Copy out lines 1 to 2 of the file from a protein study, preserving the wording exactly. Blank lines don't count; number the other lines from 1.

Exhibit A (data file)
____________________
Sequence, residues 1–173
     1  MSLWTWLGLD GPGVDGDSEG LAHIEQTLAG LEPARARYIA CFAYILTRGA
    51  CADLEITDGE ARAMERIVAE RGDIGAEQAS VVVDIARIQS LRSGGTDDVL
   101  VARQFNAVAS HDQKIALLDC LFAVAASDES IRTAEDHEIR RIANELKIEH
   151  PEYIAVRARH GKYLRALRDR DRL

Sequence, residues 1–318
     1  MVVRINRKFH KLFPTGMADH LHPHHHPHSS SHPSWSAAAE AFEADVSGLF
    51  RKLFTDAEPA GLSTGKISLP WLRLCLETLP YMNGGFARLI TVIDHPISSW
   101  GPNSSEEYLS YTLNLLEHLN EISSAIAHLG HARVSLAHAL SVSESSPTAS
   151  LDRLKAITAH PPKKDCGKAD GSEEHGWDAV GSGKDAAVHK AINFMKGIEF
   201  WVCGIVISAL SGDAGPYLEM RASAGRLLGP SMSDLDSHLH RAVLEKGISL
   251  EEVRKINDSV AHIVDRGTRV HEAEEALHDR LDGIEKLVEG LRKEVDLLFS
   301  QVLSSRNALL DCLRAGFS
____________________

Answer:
Sequence, residues 1–173
     1  MSLWTWLGLD GPGVDGDSEG LAHIEQTLAG LEPARARYIA CFAYILTRGA